Mitt Romney on Tuesday said to reporters that his income, the majority of which comes from investment dividends, is likely taxed at around 15 percent, setting up an angle for Democratic attack just a day after he hedged on releasing his tax returns in a South Carolina debate.
As Greg Sargent of the Washington Post reports, this information will be a boon to Democrats who are already gearing up to make the 2012 elections about income and tax fairness:
At a time when the 2012 presidential election is expected to focus heavily on tax fairness, the GOP is set to nominate someone who is worth as much as $250 million, but pays a lower tax rate than many middle class taxpayers.
In 2010 the average American household income was, when adjusted for inflation, at a lower level than it was ten years earlier, echoing Japan’s “lost decade” of the 1990s, The Economist reported.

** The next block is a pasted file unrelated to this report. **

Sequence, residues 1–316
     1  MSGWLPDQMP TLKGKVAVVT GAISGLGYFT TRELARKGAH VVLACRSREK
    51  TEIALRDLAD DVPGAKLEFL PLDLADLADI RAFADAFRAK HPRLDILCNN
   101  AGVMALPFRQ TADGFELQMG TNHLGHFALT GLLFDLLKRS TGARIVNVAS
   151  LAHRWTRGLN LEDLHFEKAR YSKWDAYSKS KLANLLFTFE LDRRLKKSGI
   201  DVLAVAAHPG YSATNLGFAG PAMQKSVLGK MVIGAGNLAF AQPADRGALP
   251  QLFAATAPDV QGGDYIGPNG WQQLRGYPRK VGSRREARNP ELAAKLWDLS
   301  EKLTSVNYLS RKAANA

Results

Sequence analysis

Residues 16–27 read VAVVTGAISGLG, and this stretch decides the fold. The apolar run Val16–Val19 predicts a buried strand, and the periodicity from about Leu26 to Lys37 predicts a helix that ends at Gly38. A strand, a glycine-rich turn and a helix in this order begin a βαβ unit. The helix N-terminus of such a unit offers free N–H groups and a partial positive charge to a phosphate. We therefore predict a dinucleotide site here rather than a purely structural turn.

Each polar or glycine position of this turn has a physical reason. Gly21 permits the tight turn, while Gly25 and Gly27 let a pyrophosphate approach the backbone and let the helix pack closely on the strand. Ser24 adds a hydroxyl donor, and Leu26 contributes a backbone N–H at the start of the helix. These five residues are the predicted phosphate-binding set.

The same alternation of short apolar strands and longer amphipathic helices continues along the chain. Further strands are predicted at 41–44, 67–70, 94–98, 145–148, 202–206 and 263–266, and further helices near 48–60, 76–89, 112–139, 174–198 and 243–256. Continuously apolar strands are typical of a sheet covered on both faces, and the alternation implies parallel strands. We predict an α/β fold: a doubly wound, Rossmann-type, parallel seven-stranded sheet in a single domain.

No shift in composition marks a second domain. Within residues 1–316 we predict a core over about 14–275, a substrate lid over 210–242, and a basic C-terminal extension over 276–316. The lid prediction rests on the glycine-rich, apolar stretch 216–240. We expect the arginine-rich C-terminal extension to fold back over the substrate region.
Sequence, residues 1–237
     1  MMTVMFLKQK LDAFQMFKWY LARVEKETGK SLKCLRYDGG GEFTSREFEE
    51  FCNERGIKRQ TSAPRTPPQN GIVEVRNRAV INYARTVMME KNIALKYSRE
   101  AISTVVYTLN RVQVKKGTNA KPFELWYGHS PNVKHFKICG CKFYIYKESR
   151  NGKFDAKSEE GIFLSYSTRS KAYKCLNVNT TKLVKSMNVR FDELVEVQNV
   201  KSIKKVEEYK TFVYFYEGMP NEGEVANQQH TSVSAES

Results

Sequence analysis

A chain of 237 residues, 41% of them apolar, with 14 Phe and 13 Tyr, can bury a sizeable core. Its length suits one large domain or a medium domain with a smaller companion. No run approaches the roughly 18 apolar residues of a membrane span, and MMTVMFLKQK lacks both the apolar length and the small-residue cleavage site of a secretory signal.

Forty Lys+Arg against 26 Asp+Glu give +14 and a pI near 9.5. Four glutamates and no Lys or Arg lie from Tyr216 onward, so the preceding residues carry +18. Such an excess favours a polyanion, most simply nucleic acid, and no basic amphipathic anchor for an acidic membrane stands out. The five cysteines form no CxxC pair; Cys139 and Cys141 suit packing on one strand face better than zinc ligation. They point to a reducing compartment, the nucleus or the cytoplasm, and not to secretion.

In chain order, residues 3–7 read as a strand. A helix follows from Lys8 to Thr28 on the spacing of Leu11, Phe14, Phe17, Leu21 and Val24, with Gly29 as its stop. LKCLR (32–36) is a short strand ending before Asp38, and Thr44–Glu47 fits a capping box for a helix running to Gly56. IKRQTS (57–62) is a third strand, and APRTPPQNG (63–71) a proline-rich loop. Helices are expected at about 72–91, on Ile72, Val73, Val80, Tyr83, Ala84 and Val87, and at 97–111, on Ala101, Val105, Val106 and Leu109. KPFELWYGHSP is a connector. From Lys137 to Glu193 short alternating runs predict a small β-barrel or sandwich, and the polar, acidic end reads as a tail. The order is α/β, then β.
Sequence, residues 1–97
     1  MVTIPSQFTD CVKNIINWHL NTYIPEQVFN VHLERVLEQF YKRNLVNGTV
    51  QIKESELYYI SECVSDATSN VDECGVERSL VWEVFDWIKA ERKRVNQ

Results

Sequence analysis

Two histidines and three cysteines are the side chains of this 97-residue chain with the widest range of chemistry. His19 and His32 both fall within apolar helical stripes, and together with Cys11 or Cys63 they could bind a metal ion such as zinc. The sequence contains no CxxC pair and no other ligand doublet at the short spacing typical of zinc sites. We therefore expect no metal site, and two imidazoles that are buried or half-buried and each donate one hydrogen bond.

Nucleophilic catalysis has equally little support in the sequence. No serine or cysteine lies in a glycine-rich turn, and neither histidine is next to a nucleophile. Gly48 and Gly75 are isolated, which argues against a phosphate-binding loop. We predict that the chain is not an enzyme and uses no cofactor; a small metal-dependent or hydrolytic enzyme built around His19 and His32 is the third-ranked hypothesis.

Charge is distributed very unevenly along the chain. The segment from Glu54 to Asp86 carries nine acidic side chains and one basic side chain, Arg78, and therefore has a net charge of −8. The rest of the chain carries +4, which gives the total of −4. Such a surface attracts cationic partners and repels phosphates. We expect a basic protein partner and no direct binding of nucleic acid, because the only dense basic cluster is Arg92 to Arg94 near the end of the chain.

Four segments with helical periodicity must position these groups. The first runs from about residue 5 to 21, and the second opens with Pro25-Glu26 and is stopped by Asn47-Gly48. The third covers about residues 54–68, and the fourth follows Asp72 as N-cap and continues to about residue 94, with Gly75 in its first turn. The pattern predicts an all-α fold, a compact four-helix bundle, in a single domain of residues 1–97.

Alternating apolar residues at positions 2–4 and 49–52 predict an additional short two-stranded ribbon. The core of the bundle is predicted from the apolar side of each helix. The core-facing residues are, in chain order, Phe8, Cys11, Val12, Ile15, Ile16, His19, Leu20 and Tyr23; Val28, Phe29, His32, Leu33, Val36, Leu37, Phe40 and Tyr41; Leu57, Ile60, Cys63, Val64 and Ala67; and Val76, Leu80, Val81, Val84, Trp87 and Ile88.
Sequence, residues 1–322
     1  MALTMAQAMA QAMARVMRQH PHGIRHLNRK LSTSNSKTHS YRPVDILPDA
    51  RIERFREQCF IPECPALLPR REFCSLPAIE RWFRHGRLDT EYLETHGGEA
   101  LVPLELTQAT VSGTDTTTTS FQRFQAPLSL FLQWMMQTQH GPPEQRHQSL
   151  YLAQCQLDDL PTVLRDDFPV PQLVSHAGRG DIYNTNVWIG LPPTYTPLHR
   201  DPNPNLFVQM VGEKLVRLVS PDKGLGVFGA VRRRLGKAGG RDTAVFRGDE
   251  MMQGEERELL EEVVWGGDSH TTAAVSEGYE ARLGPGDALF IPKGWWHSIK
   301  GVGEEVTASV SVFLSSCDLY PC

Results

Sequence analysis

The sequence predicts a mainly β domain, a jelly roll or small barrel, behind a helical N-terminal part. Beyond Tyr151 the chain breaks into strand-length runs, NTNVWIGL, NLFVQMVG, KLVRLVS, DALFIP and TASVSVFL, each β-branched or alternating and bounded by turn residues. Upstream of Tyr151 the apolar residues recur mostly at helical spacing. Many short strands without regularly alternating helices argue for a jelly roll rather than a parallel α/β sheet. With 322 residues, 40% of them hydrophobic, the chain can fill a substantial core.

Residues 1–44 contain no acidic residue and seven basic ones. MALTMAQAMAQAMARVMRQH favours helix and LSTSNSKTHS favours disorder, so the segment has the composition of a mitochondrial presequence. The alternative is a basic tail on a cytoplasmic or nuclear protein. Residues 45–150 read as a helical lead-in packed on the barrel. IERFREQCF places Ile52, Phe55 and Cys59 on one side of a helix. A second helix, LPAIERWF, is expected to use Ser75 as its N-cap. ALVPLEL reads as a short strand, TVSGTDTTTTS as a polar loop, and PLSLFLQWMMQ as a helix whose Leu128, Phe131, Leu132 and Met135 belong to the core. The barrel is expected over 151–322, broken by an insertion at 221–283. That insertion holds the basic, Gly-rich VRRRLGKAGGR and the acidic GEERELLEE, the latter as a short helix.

The Center for American Progress, a left-leaning think tank in Washington, released a set of statistics contrasting Romney’s tax plan with that of his Republican predecessor, George W. Bush. Among the most striking: “the tax cuts that Romney is proposing for the top 1 percent of Americans are bigger than the tax cuts he is proposing for the other 99 percent combined.”
The report continued: “In fact, the additional Romney tax cuts are more heavily skewed toward the top 1 percent than the Bush tax cuts.”